A former confidant of Jerry John Rawlings has spoken of his ‘torment’ at the hands of the Limann regime after handing over power to the administration.
Rawlings handed over to the government of Hilla Limann, who had been elected President of the country’s Third Republic in 1979 but promptly reclaimed power two years later in a coup.
Speaking to Umaru Sanda Amadu on Citi TV‘s Face To Face, Nii Laryea Afotey Agbo, who served in the early years of Rawlings’ military administration from 1982 as an informant and the ‘June 4 organiser’ said that despite handing over peacefully and retiring to his farm at Katamanso, Rawlings was consistently hounded by the administration.
“JJ Rawlings went into farming because of boredom. Immediately after handing over to the new government, he and his colleagues were asked to go out to study. The others took the money and left, but he didn’t know what to do. He wasn’t allowed to go back into the airforce. He would go to the farm with people from Tema Newtown, Nungua, Madina and Nima. His main aim was to farm; there were no guns on the farm. He even imported a tractor. When the machine was brought to the country, he brought it to my grandfather and gave it to my brother to use,” he said.
He explained that Rawlings’ popularity, which remained intact despite his more humble lifestyle at the time created some paranoia within the administration, who felt that he was training mercenaries to overthrow the government.
This obsession, Nii Laryea Afotey Agbo narrated, led to Rawlings being constantly followed and eventually arrested and tortured.
“A different meaning was read into his farming at Katamanso with claims that he was training people to overthrow the government. He went through a lot; some surveillance was put on him by the Limann government. He was being followed on a daily basis; there was never a moment that he was alone. One day he was arrested at Katamanso as he was going to the farm and was held for the entire day, and they did what they wanted with him,” he said.https://www.youtube.com/embed/jqxxuK_SIOgNii Laryea Afotey Agbo added that it was Rawlings’ close relationship with Cuba that secured his release, although the former pilot abandoned his farm at Katamanso as a result.
“Before handing over, he never visited any neighbouring country. The only country he visited before handing over to Limann was Cuba so the bond between him and Cuba was strong. There was apparently a call from Cuba that if he was harmed they would not have it easy, which is what compelled the government at the time to let him go. Someone who handed over to the government because of the decision by the people was being tormented.”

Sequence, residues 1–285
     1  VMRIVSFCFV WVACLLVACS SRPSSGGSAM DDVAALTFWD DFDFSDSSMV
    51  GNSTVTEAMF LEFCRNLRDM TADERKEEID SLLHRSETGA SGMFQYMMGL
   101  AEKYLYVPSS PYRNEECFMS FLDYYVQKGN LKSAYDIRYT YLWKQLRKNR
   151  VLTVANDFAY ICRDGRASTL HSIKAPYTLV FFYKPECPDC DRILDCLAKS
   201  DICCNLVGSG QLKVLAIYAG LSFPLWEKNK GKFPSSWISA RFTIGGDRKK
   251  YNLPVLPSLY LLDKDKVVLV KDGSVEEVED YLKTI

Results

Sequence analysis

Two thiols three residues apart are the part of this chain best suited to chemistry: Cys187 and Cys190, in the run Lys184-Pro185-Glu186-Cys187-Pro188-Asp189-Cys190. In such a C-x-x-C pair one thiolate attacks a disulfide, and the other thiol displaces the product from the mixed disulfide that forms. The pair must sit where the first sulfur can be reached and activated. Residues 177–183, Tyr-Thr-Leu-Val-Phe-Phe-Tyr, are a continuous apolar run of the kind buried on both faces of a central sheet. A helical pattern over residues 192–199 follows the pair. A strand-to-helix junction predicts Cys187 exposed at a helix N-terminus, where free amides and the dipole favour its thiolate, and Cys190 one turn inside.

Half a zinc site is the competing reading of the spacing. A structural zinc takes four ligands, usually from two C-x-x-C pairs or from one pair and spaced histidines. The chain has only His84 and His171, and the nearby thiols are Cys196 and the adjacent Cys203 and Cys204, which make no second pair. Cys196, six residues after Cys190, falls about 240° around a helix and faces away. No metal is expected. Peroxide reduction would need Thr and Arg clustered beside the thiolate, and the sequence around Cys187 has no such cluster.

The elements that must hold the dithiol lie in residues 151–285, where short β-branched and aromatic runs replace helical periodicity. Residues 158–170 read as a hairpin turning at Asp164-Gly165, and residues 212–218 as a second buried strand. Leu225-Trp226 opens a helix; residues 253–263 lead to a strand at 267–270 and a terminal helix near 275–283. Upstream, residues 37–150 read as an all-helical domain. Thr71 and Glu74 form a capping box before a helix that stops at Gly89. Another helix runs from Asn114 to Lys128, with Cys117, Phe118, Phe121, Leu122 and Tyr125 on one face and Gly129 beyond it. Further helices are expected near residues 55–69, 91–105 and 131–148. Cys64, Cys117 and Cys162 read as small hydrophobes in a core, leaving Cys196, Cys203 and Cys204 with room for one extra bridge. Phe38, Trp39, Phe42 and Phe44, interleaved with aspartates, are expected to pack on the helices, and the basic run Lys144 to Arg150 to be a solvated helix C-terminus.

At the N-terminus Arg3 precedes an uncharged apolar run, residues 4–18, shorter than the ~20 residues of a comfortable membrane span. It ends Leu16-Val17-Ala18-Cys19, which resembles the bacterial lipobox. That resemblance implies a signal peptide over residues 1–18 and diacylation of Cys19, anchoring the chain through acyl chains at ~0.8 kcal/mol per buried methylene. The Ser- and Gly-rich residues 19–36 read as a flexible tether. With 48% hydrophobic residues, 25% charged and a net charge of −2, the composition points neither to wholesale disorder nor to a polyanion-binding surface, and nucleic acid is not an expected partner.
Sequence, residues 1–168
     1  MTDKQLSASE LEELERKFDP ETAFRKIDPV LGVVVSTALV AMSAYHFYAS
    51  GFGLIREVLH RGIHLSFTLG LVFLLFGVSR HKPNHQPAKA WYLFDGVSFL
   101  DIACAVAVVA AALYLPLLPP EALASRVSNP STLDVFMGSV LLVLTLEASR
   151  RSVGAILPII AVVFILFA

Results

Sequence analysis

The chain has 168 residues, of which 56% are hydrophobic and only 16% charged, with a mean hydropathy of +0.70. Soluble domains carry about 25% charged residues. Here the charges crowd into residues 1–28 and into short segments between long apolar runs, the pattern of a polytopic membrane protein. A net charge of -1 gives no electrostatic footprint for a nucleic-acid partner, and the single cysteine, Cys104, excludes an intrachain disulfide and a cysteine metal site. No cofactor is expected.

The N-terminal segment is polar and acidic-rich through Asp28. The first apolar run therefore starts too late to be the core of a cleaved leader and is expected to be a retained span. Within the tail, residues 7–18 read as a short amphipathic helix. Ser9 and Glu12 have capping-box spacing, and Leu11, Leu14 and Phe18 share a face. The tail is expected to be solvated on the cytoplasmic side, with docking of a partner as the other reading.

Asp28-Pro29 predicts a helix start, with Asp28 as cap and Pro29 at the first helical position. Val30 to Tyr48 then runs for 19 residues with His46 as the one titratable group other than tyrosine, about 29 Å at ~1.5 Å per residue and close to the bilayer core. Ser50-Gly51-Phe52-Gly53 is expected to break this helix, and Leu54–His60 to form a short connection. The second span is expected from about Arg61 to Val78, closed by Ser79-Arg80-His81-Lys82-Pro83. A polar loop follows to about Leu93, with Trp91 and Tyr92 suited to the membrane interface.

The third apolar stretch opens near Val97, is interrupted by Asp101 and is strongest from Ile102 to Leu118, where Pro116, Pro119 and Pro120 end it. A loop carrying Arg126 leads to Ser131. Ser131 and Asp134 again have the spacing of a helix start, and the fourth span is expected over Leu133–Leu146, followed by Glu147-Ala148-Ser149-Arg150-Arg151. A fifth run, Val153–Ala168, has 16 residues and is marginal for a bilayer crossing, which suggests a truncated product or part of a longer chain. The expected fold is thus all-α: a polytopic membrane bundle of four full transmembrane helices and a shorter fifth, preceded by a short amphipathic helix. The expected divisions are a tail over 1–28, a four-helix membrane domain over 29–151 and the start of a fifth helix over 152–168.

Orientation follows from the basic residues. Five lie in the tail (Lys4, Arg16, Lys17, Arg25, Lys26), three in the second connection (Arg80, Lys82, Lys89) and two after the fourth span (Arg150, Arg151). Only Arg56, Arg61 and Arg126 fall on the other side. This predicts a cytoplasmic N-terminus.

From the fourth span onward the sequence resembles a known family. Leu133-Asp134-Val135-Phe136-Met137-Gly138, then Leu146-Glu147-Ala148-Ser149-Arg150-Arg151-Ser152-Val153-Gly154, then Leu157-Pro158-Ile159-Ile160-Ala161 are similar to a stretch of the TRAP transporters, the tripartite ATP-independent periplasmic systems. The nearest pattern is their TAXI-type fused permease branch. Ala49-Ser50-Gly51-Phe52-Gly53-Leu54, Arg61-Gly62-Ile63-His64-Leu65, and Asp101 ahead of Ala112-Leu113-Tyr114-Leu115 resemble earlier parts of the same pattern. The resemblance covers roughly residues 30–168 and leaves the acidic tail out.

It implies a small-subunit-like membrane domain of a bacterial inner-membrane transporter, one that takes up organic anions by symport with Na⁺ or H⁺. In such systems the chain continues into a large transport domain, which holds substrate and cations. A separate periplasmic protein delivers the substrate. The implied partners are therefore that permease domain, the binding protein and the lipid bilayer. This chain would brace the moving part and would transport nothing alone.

Nii Laryea said even an attempt to seek redress from the courts turned against Rawlings, with a ruling that allowed the government to continue their persistent surveillance.
“They even went to court for redress and the court declared that if the government felt that their movement was a problem, the government had the right to place him under surveillance. The court allowed the government to be chasing the man. He stopped coming to Katamanso after he was arrested. We were also being targetted, and he decided that if it was because of him that these things were happening, he would stop coming.”
This story is the latest to be told about the first President of Ghana’s Fourth Republic following his death last year.
Many people who worked with him and were close to him have paid tribute to him including Nii Laryea Afotey Agbo who described his time with Rawlings as an honour.
“It was a privilege getting close to Rawlings. He was an extraordinary person,” he stated.
J.J Rawlings is set to be buried later on Wednesday, the final day of a four-day funeral for Ghana’s enigmatic former leader.
Prior to Wednesday’s funeral service, a requiem mass and a vigil were held in his honour, with Ghanaians given the opportunity to pay their final respects by filing past his body over the last two days at the Accra International Conference Centre.
Mr. Rawlings’ funeral will be held at the Independence Square in Accra from 9:00 am to 11:00 am.